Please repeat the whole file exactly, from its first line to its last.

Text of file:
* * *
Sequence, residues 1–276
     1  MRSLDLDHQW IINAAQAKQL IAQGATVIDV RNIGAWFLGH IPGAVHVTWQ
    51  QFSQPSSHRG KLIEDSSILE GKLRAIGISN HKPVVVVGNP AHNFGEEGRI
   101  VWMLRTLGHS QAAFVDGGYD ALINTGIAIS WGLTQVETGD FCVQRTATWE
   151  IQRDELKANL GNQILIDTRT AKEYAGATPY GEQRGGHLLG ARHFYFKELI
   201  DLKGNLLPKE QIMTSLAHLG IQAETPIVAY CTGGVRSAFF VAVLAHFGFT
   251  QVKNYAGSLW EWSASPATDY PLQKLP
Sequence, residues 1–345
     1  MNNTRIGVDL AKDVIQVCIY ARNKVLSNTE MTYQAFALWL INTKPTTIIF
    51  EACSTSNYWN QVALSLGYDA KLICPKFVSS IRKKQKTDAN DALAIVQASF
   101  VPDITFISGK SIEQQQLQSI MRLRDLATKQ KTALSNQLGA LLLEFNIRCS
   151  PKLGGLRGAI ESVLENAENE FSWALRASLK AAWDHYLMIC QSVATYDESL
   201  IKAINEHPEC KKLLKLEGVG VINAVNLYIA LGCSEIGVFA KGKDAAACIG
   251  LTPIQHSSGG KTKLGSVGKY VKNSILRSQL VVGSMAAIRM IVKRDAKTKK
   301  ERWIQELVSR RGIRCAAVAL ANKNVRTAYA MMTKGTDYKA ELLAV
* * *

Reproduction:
Sequence, residues 1–276
     1  MRSLDLDHQW IINAAQAKQL IAQGATVIDV RNIGAWFLGH IPGAVHVTWQ
    51  QFSQPSSHRG KLIEDSSILE GKLRAIGISN HKPVVVVGNP AHNFGEEGRI
   101  VWMLRTLGHS QAAFVDGGYD ALINTGIAIS WGLTQVETGD FCVQRTATWE
   151  IQRDELKANL GNQILIDTRT AKEYAGATPY GEQRGGHLLG ARHFYFKELI
   201  DLKGNLLPKE QIMTSLAHLG IQAETPIVAY CTGGVRSAFF VAVLAHFGFT
   251  QVKNYAGSLW EWSASPATDY PLQKLP
Sequence, residues 1–345
     1  MNNTRIGVDL AKDVIQVCIY ARNKVLSNTE MTYQAFALWL INTKPTTIIF
    51  EACSTSNYWN QVALSLGYDA KLICPKFVSS IRKKQKTDAN DALAIVQASF
   101  VPDITFISGK SIEQQQLQSI MRLRDLATKQ KTALSNQLGA LLLEFNIRCS
   151  PKLGGLRGAI ESVLENAENE FSWALRASLK AAWDHYLMIC QSVATYDESL
   201  IKAINEHPEC KKLLKLEGVG VINAVNLYIA LGCSEIGVFA KGKDAAACIG
   251  LTPIQHSSGG KTKLGSVGKY VKNSILRSQL VVGSMAAIRM IVKRDAKTKK
   301  ERWIQELVSR RGIRCAAVAL ANKNVRTAYA MMTKGTDYKA ELLAV